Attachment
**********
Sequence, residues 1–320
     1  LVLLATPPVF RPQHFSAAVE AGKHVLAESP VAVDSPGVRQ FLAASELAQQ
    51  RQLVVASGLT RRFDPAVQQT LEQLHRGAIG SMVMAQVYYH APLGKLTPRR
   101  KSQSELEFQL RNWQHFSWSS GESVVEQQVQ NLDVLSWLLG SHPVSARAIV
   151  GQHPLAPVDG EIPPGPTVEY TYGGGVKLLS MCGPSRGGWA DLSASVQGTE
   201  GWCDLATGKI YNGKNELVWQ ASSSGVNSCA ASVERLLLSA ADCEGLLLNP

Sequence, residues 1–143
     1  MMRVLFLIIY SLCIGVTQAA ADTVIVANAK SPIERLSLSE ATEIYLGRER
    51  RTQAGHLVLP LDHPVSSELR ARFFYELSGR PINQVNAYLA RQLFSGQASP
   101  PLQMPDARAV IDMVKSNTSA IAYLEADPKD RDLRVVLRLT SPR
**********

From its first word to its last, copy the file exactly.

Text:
Sequence, residues 1–320
     1  LVLLATPPVF RPQHFSAAVE AGKHVLAESP VAVDSPGVRQ FLAASELAQQ
    51  RQLVVASGLT RRFDPAVQQT LEQLHRGAIG SMVMAQVYYH APLGKLTPRR
   101  KSQSELEFQL RNWQHFSWSS GESVVEQQVQ NLDVLSWLLG SHPVSARAIV
   151  GQHPLAPVDG EIPPGPTVEY TYGGGVKLLS MCGPSRGGWA DLSASVQGTE
   201  GWCDLATGKI YNGKNELVWQ ASSSGVNSCA ASVERLLLSA ADCEGLLLNP

Sequence, residues 1–143
     1  MMRVLFLIIY SLCIGVTQAA ADTVIVANAK SPIERLSLSE ATEIYLGRER
    51  RTQAGHLVLP LDHPVSSELR ARFFYELSGR PINQVNAYLA RQLFSGQASP
   101  PLQMPDARAV IDMVKSNTSA IAYLEADPKD RDLRVVLRLT SPR